Does it seem like a war of attrition, with the resources of the federal government against veterans? At some point, the government has the resources and the legal capacity to wear down the other side. Isn't that it?
Mr. Sean Bruyea:
    That's right. It's not just the financial resources. If we look back at the SISIP class action lawsuit, veterans were paying out of funds that were rightfully theirs the equivalent of a million dollars a month in legal fees to fight that battle. I am most concerned about the emotional costs. This will take a huge toll on families and will take years off these veterans' lives.
The Chair:
    Thank you.
    Colleagues, as you know we have votes in half an hour. Can I take it we have unanimous consent to finish this round in three more...? Is that okay?
    Thank you.
    Mr. Brison, please continue.
Hon. Scott Brison:
    Thank you.
    Ms. Coombs, you have proposed an amendment that one of us, as a member of this committee, could move. Can you take a guess as to how many amendments have been accepted to budget implementation acts over the last five years?
Ms. Shannon Coombs:
    I could not, sir. I take it none—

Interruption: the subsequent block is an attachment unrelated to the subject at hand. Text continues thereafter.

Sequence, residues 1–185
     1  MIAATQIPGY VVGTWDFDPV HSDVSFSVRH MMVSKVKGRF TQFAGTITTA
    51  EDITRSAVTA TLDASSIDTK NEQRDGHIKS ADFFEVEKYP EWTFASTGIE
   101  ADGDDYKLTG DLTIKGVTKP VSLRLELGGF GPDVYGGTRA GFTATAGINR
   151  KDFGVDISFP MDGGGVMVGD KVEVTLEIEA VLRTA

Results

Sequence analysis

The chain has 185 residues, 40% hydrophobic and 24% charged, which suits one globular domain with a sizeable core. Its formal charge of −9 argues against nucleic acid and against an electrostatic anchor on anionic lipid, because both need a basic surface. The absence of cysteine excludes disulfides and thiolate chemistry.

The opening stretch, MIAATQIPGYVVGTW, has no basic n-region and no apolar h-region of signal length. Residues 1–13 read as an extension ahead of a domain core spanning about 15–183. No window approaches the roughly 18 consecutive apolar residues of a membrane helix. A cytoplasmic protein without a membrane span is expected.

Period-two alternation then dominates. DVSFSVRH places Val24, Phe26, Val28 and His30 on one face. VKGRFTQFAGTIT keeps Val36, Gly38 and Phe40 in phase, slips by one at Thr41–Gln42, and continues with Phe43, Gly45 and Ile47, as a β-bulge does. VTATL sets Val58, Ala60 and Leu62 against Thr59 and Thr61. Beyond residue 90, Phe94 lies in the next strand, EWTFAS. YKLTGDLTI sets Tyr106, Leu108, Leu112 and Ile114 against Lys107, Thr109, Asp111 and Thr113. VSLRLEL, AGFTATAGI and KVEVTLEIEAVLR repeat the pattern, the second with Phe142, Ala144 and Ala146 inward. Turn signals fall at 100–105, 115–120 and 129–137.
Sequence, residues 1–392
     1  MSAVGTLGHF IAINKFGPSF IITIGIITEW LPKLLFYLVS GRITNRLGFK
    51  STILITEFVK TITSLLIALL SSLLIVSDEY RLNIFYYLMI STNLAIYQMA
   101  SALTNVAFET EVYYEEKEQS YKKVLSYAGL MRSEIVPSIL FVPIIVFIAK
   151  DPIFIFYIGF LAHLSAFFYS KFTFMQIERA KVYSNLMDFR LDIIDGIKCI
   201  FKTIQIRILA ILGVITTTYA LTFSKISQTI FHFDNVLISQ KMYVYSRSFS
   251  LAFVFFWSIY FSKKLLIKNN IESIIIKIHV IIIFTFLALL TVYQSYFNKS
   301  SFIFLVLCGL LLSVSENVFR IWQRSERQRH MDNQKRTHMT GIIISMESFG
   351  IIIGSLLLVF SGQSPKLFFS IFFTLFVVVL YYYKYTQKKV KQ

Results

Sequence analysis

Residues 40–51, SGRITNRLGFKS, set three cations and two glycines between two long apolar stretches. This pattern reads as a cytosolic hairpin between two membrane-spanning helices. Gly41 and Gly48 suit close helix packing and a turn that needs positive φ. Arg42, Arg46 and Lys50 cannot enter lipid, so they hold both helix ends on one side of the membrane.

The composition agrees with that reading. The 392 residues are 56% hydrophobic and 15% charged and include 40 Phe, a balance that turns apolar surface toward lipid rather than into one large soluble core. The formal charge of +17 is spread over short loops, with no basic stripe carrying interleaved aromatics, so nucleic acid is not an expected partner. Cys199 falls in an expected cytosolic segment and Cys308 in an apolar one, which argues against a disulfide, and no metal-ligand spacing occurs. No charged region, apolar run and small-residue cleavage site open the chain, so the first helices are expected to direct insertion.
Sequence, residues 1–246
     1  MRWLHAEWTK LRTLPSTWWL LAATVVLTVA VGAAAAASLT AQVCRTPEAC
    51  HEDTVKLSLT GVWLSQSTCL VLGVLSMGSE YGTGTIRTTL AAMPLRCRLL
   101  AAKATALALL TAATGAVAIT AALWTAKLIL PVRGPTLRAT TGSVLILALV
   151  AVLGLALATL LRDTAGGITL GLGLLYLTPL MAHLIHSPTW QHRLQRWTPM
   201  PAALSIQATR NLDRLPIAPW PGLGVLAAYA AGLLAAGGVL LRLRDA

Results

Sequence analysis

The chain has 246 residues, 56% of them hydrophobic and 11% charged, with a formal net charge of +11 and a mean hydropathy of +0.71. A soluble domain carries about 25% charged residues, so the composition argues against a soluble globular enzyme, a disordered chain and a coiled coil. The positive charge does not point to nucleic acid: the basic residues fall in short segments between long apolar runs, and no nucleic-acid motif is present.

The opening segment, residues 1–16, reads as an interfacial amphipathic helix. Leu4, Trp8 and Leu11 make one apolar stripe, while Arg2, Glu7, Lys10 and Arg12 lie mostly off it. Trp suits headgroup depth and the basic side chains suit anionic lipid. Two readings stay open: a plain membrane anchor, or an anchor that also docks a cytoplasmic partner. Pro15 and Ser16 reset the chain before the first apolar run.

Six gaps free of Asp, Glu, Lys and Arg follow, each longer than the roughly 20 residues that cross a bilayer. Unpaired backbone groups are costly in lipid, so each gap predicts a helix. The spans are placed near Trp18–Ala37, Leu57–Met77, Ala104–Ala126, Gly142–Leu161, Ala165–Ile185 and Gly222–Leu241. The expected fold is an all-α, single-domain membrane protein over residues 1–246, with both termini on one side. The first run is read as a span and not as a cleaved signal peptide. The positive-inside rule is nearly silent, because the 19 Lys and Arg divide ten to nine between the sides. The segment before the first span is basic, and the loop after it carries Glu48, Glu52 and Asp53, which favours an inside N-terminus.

Hon. Scott Brison:
    None.
Ms. Shannon Coombs:
    —from the way you're asking the question.
    Voices: Oh, oh!
Hon. Scott Brison:
    I'm the eternal optimist, and you and your organization and the companies you represent and the workers for those companies have earnestly and intelligently provided us with insight as to what we could do to change this. I just want to make the point that by ramming this through as part of a budget implementation act.... Hope springs eternal, and as a Nova Scotian from Hants County, I'm a very optimistic person, but I want to make that point. Not only is this probably not the right committee to be studying this, but it's not the most receptive environment for it. While we may agree on your constructive proposed amendment, I want to manage expectations here in terms of the political environment within which we operate.